BRUSSELS, Belgium – The European Union announced details Tuesday of its planned anti-piracy patrols off Somalia's coast, saying at least four warships backed by aircraft would begin policing the dangerous waters in December.
The EU flotilla will eventually take over patrolling the area from NATO ships, which arrived over the weekend and began escorting vessels on Monday.
An EU official said the bloc's new flotilla would include four to six ships backed by three or four maritime patrol aircraft, and would be led by British Vice Admiral Philip Jones. The official spoke on condition of anonymity as he was not authorized to be quoted by media. Two other EU officials corroborated the details, also on condition of anonymity.
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The EU had announced its planned patrols last month to help guard the waters off Somalia, which are considered among the most dangerous amid a renewed outbreak in piracy.
Somalia — caught up in an Islamic insurgency — has no functioning government, no navy and no coast guard to police its coast, which includes the Gulf of Aden, one of the world's busiest shipping lanes.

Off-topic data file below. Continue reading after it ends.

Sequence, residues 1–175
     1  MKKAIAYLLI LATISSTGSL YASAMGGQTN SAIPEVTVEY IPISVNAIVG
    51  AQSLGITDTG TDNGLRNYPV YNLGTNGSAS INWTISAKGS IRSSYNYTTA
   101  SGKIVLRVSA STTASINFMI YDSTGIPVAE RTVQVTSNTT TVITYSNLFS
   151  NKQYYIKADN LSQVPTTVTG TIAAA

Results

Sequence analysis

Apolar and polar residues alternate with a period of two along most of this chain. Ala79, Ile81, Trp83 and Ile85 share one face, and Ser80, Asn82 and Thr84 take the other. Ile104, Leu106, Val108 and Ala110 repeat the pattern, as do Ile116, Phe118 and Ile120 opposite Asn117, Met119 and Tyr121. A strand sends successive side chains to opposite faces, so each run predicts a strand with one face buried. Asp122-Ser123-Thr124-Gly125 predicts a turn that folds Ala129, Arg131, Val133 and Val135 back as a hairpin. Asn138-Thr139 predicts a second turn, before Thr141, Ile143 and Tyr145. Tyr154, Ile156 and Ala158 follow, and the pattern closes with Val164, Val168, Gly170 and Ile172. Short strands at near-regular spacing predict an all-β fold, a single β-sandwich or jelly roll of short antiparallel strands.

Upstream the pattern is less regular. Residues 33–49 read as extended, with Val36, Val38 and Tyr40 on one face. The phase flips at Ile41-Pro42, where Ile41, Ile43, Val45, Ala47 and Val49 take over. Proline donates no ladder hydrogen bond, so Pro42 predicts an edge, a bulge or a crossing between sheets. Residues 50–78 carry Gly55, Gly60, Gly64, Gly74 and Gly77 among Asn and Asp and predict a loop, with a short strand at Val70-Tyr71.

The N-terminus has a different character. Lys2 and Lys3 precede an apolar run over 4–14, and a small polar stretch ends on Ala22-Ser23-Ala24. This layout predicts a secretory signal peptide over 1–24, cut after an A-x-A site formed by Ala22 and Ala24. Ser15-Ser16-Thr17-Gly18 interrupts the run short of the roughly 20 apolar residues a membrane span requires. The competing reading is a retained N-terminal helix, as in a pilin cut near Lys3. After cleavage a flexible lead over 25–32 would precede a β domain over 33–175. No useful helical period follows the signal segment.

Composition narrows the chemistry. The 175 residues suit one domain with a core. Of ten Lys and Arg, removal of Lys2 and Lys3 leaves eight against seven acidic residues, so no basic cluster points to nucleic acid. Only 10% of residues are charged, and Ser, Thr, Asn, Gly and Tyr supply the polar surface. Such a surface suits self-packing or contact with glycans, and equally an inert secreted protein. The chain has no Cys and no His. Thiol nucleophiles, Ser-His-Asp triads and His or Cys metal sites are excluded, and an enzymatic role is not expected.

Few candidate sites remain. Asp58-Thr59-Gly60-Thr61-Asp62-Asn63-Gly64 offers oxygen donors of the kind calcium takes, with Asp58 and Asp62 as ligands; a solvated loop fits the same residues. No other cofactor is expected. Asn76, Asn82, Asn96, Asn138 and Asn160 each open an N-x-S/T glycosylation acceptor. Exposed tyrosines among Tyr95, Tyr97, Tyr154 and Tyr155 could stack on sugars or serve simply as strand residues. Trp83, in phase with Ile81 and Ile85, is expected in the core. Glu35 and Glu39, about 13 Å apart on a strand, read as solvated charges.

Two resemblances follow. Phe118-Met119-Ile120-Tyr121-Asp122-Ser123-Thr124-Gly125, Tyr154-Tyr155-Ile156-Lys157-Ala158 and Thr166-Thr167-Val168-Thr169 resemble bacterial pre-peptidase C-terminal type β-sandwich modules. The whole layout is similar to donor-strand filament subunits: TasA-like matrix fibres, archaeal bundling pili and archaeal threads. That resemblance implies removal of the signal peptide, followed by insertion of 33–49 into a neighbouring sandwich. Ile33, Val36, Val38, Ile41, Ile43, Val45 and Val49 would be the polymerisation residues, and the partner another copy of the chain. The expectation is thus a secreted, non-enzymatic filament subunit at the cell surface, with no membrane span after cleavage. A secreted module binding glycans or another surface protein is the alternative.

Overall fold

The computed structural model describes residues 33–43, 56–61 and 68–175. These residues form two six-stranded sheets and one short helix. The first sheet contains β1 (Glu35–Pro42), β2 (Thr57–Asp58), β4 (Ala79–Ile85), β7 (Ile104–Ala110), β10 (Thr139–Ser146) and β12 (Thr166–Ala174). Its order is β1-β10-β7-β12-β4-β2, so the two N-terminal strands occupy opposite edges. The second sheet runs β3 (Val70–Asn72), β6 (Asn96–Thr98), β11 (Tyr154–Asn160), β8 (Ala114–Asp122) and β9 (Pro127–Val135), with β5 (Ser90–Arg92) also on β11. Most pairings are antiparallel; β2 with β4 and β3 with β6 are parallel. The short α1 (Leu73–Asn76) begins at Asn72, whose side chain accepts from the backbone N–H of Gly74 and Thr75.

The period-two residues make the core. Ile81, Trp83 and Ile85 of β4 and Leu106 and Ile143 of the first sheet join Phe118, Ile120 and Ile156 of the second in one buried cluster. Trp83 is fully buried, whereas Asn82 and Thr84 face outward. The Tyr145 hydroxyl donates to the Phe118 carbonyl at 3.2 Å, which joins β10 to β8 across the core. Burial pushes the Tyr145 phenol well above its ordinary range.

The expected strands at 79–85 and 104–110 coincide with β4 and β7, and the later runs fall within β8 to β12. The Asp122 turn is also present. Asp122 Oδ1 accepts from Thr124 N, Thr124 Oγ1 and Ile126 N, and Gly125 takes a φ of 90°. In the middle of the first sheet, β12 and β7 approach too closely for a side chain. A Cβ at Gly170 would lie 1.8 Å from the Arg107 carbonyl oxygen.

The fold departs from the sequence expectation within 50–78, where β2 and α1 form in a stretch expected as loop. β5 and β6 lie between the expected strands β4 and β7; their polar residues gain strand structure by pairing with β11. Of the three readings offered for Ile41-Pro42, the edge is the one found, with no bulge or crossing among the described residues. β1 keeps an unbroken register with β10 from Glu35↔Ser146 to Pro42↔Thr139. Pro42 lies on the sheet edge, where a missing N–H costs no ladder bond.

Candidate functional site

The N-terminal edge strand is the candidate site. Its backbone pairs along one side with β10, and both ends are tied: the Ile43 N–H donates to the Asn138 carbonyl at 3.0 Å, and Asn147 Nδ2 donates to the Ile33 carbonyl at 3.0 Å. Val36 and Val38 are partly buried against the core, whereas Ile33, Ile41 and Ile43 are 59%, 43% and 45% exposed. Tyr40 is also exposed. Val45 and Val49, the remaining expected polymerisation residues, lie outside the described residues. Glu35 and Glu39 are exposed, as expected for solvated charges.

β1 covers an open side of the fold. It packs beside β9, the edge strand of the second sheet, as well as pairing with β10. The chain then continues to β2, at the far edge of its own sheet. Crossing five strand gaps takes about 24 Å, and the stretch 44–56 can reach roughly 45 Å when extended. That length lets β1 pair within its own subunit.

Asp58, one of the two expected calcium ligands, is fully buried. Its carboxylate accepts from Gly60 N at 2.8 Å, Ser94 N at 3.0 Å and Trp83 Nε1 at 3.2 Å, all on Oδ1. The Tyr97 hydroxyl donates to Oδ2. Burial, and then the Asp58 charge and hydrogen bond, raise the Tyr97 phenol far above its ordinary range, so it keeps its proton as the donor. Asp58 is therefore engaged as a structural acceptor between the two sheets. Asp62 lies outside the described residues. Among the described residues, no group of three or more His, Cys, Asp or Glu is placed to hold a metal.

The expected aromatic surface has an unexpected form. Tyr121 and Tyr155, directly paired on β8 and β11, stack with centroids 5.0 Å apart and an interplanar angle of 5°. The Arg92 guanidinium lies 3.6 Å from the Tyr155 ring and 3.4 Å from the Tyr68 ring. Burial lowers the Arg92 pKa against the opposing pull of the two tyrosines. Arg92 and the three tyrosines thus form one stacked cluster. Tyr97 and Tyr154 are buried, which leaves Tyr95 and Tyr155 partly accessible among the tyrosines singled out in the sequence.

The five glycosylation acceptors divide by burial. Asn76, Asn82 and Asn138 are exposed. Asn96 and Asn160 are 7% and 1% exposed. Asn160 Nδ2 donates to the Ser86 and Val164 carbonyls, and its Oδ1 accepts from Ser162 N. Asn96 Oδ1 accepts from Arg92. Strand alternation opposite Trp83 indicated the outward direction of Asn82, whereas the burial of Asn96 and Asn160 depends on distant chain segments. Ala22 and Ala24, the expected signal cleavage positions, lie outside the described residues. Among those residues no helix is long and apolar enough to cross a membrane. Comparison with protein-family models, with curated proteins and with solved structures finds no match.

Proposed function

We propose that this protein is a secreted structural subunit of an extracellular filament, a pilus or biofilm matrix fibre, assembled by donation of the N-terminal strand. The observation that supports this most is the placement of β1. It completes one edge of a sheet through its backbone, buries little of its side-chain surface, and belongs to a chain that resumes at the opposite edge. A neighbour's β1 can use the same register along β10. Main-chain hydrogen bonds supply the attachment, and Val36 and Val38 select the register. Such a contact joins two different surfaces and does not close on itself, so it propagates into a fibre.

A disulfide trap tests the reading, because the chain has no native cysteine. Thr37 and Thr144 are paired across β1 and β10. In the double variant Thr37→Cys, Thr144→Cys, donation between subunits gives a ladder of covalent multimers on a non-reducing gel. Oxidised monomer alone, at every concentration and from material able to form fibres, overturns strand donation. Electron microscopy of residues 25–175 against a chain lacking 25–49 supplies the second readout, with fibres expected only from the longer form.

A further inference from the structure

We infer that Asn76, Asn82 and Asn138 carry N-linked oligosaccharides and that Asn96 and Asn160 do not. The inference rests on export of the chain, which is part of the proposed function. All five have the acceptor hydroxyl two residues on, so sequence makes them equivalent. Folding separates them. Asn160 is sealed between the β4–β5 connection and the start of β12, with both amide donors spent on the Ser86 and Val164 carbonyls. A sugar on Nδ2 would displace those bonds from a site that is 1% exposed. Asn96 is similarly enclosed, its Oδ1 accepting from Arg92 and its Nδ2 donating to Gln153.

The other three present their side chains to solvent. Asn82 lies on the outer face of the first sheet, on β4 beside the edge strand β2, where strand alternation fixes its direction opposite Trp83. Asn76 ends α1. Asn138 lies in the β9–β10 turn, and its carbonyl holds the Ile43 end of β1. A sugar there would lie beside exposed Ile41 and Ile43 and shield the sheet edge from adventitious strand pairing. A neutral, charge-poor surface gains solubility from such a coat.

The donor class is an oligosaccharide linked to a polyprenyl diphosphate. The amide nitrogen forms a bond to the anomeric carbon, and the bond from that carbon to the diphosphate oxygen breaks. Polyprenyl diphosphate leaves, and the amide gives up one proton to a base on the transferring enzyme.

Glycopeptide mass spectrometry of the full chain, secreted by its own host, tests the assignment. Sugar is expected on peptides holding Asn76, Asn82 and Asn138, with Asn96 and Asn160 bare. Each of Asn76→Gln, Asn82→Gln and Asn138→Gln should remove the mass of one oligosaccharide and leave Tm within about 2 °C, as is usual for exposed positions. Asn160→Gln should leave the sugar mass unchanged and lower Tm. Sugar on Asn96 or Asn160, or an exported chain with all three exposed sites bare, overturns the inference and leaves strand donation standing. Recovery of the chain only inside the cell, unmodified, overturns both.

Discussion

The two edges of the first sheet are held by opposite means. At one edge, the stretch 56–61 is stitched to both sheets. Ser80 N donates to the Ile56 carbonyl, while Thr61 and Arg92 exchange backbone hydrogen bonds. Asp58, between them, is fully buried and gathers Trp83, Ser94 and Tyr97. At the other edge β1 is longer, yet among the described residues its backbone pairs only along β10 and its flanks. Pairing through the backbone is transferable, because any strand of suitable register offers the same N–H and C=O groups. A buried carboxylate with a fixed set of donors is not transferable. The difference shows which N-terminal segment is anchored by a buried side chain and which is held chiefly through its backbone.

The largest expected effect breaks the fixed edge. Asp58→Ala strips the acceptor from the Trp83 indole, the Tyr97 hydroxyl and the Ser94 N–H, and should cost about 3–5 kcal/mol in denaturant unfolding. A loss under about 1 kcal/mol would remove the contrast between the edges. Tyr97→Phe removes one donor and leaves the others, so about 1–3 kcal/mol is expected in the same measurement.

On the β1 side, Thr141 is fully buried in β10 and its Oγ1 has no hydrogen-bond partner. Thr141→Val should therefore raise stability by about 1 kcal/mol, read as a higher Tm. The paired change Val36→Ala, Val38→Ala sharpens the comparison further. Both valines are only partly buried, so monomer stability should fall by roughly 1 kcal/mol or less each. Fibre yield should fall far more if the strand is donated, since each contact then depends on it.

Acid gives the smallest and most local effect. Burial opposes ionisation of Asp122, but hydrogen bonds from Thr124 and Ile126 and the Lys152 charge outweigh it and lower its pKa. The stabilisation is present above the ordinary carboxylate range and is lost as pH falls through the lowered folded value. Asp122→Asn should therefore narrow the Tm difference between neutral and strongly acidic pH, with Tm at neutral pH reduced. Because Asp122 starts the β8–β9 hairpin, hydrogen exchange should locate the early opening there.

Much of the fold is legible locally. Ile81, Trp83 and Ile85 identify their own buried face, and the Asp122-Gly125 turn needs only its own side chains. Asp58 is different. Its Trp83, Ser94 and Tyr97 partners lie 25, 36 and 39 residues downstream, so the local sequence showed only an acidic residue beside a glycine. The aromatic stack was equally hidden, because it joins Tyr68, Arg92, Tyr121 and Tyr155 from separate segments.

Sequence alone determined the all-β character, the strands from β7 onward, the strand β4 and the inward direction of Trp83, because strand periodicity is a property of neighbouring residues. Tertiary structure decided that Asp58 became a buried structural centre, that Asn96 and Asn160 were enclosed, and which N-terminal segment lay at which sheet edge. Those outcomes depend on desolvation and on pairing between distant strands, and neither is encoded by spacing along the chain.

Already 10 EU governments have volunteered ships or aircraft to the EU force, the EU official said.
Several non-European nations, including India, Malaysia and Singapore, have also expressed interest in joining the EU force, he said. Russia also said it would help.
Meanwhile, NATO sent three ships over the weekend into the Gulf of Aden for anti-piracy patrols and escorting cargo vessels. The Greek frigate HS Themistokles accompanied a World Food Program cargo vessel carrying aid to Somalia. The Italian destroyer ITS Durand de la Penne escorted a merchant vessel chartered by the African Union. And the British frigate HMS Cumberland has been assigned surveillance and deterrence activities, NATO said in a statement.
Several warships of the U.S. Navy's 5th Fleet have also been deployed off the Horn of Africa.
Four other NATO warships sailed over the weekend to ports in the Middle East. And the Russian missile frigate Neustrashimi is in the Yemeni port of Aden.
About 20,000 vessels pass annually through the Gulf of Aden, which links the Indian Ocean with the Suez Canal and the Mediterranean Sea.
While maritime piracy worldwide has declined over the past five years, piracy off Somalia has soared. The region has overtaken the Straits of Malacca — the waterway shared by Indonesia, Singapore and Malaysia — as the world's most pirate-infested region.